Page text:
The shipbroker added that “these agencies have a bit of a history of revisions as the forecasted period draws nearer – and quite often well after the fact. This is due to the inherent limitations of forward forecasting – and a lack of transparency in historical trade and consumption data (particularly in outside of the OECD). We note that for the developed world, projections made at the end of 3Q16 underestimated the extent of demand growth during 2016 amid lower fuel costs, declining unemployment and rising consumer sentiment. Simultaneously, demand growth in the non‐OECD world was downwardly revised. Total world oil demand was upwardly revised by nearly 900,000 b/d. It would seem that the regular negative revisions of the years following the global financial crisis have given way to positive revisions. Tanker owners will certainly be hoping that the latter remains the norm”.
CR Weber added that “of course, trade patterns can skew the implications of demand growth for tanker fundamentals strongly. Despite 2016’s positive y/y growth, a migrating of crude trades towards shorter distances meant that VLCC ton‐miles declined by 4%, y/y. Applying adjustment factors to ton‐miles to account for diversification and efficiency of trades, demand contracted by 4%. Simultaneously, during 2015, when world oil demand grew by 2.1%, VLCC ton‐miles grew by a much larger 7% and adjusted demand grew by a massive 21%., the shipbroker concluded.
Meanwhile, in the VLCC market this week, CR Weber said that “rates in the VLCC market were softer this week on a pullback in demand in the Middle East market, sending average earnings to fresh multiple‐year lows. In the Middle East, there were 15 fresh fixtures reported, representing a 35% w/w decline. One‐third of this week’s regional fixture tally were concluded under COAs, making demand there seem lower than it was. In the West Africa market, there were nine fixture reported, representing a tripling of last week’s tally”.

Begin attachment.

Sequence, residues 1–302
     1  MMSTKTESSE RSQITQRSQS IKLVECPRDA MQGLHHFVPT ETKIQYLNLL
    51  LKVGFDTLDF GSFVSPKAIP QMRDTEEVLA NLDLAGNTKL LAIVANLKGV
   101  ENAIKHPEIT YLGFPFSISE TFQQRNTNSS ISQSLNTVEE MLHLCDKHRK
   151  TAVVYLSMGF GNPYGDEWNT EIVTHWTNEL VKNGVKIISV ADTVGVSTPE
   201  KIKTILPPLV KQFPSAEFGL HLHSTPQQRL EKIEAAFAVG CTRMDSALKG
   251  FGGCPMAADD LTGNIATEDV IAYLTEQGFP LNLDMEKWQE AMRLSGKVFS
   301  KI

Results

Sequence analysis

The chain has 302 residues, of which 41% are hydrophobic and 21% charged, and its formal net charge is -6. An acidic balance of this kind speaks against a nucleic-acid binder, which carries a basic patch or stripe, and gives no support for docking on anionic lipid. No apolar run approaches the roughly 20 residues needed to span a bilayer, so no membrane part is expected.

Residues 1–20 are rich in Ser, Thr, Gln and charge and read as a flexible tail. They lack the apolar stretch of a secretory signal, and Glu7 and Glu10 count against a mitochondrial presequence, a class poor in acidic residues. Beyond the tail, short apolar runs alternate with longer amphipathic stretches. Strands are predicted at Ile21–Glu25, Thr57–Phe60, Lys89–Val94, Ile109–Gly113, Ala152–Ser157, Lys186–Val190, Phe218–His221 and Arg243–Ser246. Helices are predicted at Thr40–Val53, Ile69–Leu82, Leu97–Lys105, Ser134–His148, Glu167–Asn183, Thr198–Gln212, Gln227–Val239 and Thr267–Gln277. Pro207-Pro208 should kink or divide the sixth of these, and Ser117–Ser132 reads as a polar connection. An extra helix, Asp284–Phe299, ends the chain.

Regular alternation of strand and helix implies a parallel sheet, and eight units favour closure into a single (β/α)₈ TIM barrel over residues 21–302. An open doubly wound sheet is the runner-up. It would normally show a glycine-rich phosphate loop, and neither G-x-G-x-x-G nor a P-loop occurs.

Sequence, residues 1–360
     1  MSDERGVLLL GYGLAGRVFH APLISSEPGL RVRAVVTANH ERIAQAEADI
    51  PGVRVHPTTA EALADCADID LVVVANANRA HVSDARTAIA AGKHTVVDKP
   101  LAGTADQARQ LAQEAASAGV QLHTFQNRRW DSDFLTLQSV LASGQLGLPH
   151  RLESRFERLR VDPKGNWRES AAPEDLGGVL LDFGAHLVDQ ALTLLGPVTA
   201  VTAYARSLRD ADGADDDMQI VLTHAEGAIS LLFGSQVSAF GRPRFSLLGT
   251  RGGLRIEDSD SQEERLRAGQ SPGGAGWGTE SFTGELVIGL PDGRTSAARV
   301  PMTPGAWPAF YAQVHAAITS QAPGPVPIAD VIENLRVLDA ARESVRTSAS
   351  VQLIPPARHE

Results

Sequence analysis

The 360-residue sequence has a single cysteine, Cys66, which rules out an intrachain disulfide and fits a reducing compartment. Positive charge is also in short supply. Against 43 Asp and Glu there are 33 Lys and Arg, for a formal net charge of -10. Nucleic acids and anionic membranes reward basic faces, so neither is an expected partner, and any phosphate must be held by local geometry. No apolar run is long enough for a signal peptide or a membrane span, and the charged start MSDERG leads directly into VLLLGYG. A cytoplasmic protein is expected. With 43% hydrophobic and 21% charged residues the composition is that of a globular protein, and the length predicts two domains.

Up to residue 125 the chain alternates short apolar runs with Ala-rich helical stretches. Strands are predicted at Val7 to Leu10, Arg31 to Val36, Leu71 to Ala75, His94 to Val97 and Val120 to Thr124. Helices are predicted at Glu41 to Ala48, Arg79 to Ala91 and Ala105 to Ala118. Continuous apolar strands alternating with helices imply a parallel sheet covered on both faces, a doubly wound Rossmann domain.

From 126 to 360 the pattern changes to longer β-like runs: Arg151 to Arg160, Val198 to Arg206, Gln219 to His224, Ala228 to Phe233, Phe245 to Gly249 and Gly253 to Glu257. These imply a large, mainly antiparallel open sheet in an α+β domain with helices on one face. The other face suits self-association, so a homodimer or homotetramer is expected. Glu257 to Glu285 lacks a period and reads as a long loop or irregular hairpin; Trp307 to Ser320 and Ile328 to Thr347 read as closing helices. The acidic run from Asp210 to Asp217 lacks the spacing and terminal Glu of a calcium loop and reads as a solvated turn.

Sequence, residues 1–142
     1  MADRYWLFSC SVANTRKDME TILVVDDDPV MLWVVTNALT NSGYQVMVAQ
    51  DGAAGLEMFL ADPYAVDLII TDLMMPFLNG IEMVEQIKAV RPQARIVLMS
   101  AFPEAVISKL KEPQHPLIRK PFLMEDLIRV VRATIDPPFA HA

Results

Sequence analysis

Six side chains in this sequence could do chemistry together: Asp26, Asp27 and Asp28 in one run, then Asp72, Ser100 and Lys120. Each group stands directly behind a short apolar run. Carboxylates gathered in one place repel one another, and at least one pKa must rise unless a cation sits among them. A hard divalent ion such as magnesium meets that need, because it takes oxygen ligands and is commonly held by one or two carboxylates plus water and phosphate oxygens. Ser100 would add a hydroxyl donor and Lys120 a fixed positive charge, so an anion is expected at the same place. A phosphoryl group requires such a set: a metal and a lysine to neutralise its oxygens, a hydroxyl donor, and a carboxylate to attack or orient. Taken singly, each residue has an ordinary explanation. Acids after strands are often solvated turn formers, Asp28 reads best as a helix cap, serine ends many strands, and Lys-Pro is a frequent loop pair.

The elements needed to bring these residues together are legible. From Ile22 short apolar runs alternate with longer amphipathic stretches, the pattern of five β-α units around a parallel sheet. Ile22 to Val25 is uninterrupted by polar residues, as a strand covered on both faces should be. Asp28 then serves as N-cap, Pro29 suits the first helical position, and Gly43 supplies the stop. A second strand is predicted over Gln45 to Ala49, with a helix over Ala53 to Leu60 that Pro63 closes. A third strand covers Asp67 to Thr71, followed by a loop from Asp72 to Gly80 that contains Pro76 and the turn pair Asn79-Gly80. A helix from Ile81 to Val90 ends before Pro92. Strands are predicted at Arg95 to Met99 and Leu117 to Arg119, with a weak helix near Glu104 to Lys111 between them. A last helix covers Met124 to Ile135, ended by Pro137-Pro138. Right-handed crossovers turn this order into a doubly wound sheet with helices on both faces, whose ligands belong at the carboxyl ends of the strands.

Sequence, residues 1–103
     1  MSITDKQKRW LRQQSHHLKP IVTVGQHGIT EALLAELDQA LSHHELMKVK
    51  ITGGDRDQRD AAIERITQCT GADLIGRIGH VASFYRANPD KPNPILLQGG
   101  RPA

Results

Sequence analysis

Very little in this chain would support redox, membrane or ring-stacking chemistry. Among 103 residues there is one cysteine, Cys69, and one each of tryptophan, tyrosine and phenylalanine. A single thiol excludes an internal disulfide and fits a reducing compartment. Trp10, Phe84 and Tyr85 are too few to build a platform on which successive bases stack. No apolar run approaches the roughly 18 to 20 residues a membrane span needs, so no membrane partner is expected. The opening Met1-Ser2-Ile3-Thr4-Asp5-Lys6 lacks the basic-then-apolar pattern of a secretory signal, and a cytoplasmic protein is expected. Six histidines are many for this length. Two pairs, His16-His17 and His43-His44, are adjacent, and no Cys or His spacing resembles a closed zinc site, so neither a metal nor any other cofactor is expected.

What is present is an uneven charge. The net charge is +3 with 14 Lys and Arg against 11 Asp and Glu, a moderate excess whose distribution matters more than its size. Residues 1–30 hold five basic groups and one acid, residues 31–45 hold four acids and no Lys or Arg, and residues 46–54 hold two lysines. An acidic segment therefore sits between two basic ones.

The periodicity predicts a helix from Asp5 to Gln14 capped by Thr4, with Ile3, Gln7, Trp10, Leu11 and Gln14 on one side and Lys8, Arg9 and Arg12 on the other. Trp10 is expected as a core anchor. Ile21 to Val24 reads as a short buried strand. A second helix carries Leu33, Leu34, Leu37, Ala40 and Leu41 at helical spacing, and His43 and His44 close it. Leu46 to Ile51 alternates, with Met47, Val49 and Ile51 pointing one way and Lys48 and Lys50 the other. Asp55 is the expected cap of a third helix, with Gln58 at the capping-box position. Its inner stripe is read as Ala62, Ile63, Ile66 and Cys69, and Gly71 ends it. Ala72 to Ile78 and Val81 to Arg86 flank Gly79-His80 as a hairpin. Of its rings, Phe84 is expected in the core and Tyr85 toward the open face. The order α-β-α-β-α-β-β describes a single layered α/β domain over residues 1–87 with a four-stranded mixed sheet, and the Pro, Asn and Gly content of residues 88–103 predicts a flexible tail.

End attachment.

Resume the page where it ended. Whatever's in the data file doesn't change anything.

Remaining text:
The shipbroker added that “with 100 Middle East August cargoes covered thus far, there are an estimated 22 outstanding. Against this, there are 53 units available; once accounting for likely West Africa draws, the implied end‐August Middle East surplus stands at 24 units, or the highest surplus since the conclusion of the May program. A week ago, the surplus looked set to stand at 19, illustrating a fresh disjointing of supply/demand. As such, rates remain in negative territory and will struggle to find much positive impetus once participants progress into what is widely expected to be a busier September program. In isolation, rates in the Caribbean basin were stronger this week on declining in‐ bound USG tonnage, and a fresh round of activity following a prolonged lull”, the shipbroker concluded.
Given the weak freight rate outlook for LPG shipping over the next twelve months, there is more downside risk to the second-hand values of very large gas carriers (VLGCs), according to shipping consultancy Drewry.
Shipping analysts have been bearish on the VLGCs market since the beginning of the year and rates so far have been in line with expectations. Vessel earnings in the spot market are currently below operating cost.
Drewry said that it maintains a bearish outlook and believes that the next twelve months “will continue to be tough for VLGC owners due to strong fleet growth. The recovery phase will not start until the second half of 2018 as fleet growth slows as a consequence of weak ordering over the past 18 months.”